Correspondence

Letter From Chicago: Royko, the Cubs, et al.

He went to Wrigley Field on a hot day last June, along with several hundred others, to hear family and dignitaries eulogize columnist Mike Royko, who had spent more than 30 years banging out five columns each week while working for three different major Chicago newspapers. Otherwise empty because the team was on the road, the park was chosen for this tribute because Mike, like many people, was a long-suffering Cubs fan.

The formalities concluded, Mike's friends and coworkers were invited onto the field, where a caterer had set up two bars and several buffet tables containing hot dogs, grilled chicken, and numerous side dishes. Filling his plate and grabbing a can of pop, he walked to the batter's box, which now was shaded from the late afternoon sun. It was here in 1932 that Babe Ruth had allegedly pointed to the right center field seats just before hitting a towering home run to that very spot. Six years later, Cubs catcher "Gabby" Hartnett, who was behind the plate for Ruth's supposed "called shot," would stand there in the ninth inning and hit "The Homer in the Bloamin'" that beat the Pirates six to five.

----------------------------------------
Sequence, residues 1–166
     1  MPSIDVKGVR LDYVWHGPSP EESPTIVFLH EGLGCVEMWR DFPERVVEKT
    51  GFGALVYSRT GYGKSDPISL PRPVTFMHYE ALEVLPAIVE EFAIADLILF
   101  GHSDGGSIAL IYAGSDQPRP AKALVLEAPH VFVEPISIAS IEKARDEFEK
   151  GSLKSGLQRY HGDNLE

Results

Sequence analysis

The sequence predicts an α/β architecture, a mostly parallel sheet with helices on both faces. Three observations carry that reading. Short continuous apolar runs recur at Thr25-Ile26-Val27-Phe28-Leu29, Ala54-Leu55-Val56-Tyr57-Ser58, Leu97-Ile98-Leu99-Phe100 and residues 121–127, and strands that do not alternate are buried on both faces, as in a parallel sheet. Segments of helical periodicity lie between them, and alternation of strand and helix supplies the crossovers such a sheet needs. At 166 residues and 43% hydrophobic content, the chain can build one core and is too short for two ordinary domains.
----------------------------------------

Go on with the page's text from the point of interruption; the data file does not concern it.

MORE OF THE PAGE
He turned to look at the right field corner where, many summers ago, his father had brought him to see his first big league ballgame. He looked at the top of the wall just left of the foul pole where the old man had leaned over and talked it up with a player who was shagging...

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